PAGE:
Pennsylvania Medical Marijuana Program Enters Final Stages of Rollout

HARRISBURG (WSKG) — Pennsylvanians have started receiving identification cards to get medication through the commonwealth’s new medical marijuana program. More than 10,000 people have registered, but only about 1,188 have been approved so far. Medical marijuana ID cards started going out to patients in mid-December, with 435 released in the first wave. The Department of Health says more are being issued as we speak. Acting DOH Secretary Rachel Levine said people can actually start getting medication sometime during the next four months–though it’s still unclear exactly when.

Calls For Change Mount After Harassment Allegations Against Pennsylvania Lawmakers

HARRISBURG (WSKG) — On the heels of recent Philadelphia Inquirer and Pittsburgh Post-Gazette stories on alleged sexual harassment by state lawmakers, a number of officials are calling for a change. The latest story concerns 40-year veteran lawmaker Thomas Caltagirone, a Berks County Democrat. The House Democratic caucus paid a quarter million taxpayer dollars to settle a harassment complaint a staffer made against him. A non-disclosure agreement kept the whole thing under wraps. A few weeks before that was reported, fellow House Democrat Leanne Krueger-Braneky, of Delaware County, said a different news story made her realize the settlements were happening and being kept secret.

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Incumbents Feel Safe, But Many Pennsylvanians Feel Disenfranchised

EASTON (WSKG) — On the eastern border of Pennsylvania, north of the Philadelphia suburbs, a cluster of state Senate districts appear — at first glance — to be arbitrarily drawn.  They twist and tangle their way through Bucks, Lehigh, Montgomery, Northampton, Chester and Monroe Counties. It’s an area that’s long been a Republican enclave, but has more recently started to lean further left. But the way the districts are drawn happens to give many Republicans wide margins, while sometimes making things confusing for individual cities and communities. The 24th Senate District, which has been represented by Republican Bob Mensch since 2009, looks kind of like a sailboat. Or maybe some kind of bird.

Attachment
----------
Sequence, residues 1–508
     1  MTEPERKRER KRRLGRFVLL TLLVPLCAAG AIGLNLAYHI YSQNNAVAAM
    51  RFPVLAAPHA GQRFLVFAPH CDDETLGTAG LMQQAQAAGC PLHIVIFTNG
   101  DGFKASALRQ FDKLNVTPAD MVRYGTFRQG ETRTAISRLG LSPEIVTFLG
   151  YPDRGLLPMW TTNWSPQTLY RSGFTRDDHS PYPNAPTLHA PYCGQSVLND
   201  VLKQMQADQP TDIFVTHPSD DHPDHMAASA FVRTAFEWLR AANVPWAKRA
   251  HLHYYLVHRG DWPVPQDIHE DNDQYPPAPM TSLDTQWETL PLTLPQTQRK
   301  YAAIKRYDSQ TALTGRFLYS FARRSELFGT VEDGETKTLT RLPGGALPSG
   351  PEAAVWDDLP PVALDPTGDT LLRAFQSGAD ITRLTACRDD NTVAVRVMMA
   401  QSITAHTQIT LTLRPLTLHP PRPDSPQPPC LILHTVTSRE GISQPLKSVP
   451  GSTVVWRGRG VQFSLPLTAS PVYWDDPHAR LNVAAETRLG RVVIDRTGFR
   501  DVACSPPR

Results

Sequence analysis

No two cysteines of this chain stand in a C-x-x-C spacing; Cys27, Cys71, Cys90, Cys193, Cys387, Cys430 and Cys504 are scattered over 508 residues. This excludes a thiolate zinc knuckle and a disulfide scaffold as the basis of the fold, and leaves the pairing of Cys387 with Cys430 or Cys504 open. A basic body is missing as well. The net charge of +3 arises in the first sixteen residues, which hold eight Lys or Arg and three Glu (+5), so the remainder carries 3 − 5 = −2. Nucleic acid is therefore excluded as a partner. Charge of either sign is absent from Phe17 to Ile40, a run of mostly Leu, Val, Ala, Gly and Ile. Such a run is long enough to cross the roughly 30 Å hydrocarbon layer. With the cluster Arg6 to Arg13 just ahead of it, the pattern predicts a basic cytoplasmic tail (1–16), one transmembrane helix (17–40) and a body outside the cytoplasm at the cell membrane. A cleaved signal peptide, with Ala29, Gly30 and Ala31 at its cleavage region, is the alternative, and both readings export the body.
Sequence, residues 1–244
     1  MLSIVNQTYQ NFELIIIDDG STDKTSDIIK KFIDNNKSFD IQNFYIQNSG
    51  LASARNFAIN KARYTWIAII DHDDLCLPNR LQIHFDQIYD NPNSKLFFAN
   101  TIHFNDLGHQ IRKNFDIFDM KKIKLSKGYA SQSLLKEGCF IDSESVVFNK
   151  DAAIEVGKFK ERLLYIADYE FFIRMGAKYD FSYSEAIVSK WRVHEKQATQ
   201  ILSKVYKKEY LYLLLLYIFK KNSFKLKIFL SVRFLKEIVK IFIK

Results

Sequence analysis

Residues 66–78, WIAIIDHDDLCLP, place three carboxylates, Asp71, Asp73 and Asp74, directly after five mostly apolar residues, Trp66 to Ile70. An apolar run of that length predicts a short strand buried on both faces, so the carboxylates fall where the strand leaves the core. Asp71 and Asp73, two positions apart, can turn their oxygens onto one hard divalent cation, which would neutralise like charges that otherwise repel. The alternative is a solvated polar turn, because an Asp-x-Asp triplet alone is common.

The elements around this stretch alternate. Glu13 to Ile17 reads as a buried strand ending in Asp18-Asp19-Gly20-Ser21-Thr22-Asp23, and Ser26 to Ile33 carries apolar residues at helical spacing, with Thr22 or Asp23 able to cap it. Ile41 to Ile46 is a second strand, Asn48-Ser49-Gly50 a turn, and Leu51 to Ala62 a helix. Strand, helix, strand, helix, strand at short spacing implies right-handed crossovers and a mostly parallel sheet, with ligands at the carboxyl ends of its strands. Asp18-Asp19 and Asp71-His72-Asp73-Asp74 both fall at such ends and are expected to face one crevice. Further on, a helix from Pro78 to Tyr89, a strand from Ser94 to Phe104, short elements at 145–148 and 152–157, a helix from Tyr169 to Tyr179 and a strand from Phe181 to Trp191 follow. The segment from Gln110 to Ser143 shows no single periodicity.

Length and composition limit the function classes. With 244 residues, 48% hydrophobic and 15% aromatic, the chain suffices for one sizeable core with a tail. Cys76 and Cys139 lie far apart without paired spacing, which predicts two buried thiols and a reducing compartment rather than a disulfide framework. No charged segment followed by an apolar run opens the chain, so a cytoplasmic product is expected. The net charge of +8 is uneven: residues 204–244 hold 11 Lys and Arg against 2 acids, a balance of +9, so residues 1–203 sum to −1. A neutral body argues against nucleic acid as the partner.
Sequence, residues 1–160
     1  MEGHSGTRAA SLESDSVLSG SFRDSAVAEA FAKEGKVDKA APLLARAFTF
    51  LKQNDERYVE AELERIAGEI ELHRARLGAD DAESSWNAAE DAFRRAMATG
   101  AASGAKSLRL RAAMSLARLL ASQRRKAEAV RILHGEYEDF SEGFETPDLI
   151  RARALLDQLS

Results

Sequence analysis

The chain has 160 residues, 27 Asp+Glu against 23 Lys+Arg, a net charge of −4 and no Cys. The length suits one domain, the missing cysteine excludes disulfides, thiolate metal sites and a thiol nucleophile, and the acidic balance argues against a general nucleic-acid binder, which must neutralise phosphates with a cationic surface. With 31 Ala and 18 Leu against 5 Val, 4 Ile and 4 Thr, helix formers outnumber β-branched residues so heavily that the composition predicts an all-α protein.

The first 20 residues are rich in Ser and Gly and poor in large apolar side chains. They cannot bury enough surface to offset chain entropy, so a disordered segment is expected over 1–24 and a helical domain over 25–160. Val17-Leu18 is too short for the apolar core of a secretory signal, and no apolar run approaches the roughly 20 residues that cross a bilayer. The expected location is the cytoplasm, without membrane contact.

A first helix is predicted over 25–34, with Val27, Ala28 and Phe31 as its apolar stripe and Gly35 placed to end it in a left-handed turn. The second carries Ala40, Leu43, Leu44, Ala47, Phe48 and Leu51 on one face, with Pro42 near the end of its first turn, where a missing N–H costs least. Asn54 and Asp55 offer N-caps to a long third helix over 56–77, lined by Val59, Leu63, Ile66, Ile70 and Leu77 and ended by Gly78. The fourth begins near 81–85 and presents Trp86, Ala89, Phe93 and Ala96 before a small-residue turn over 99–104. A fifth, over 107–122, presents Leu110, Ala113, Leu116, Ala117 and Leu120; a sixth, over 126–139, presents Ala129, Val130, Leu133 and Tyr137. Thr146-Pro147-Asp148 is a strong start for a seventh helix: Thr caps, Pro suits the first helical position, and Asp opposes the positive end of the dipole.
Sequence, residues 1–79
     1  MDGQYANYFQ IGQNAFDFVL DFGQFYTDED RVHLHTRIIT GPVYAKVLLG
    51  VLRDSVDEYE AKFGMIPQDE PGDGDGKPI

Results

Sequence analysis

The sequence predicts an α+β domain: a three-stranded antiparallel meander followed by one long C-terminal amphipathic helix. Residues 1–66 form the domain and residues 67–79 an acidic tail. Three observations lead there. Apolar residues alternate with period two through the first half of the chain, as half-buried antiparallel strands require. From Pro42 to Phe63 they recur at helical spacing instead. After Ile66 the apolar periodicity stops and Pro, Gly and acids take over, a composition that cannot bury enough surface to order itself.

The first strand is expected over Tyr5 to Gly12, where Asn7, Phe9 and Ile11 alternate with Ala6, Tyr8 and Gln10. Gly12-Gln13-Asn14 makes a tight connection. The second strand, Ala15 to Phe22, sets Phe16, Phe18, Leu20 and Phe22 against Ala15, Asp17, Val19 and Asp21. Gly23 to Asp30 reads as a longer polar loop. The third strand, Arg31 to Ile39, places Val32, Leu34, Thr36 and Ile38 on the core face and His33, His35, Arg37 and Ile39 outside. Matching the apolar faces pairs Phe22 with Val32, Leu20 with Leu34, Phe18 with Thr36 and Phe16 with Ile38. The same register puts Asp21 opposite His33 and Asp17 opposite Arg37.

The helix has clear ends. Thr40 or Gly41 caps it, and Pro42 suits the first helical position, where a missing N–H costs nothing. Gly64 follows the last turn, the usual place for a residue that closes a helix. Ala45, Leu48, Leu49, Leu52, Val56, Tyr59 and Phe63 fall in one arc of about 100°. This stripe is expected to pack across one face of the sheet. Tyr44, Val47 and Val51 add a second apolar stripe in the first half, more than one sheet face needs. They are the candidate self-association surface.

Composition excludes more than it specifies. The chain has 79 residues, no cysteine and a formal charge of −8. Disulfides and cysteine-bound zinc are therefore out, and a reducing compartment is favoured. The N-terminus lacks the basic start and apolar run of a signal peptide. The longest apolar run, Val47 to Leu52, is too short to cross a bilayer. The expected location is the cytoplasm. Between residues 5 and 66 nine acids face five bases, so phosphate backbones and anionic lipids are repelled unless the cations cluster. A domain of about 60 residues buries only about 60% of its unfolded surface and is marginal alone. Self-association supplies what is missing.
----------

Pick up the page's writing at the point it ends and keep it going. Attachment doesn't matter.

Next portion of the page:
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Eastern PA Democratic Lawmaker Joins Crowded Race For Lieutenant Governor

HARRISBURG (WSKG) — The field for the 2018 lieutenant governor election is filling up, with a number of Democrats jumping into the often-low-key race.  That could mean a tough battle for incumbent Mike Stack, who has struggled through public conflicts with fellow Democrat, Governor Tom Wolf. State representative Madeleine Dean, who has served part of Montgomery County since 2012, is the latest entry to the race. So far, she has avoided bashing other candidates. But asked if the Lieutenant Governor’s office has used more resources than it warrants, she offered some criticism that seemed aimed at Stack. “You know, the current climate shows that it has not,” she said.

PA Lawmakers Float Stringent Budget Bill To Save Money

HARRISBURG (WSKG) — Several Republican state senators plan to introduce legislation that would require Pennsylvania to use zero-based budgeting–a standard specifically designed to save money. The idea comes from lawmakers’ annual, unsuccessful struggles to balance the commonwealth’s books. However, other states that have attempted to use the method have often opted not to stick with it. Zero-based budgeting basically requires a rotating percentage of state agencies to re-justify all their operations and expenses every five years, and estimate the minimum amount of money they need to continue them. The author of the new measure, York County Republican Scott Wagner, said he’s taking cues from the private sector.

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PA’s Highest Court Considers Governor’s Appeal In Home Care Case

HARRISBURG (WSKG) — Pennsylvania’s Supreme Court is deciding whether Governor Tom Wolf overstepped his authority with an executive order letting the state organize home healthcare workers under a union-like structure.  A lower court already decided against the governor once. But lawyers for the Wolf administration argue the governor’s directive merely gives workers an option to voice their concerns. The 2015 order–one of Wolf’s first in office–targets independent workers who care for elderly and disabled people in their homes. It has them pick representatives to meet with the state human services secretary about issues like pay and benefits. It also gives their contact information to representative groups, which opponents say could facilitate future organizing.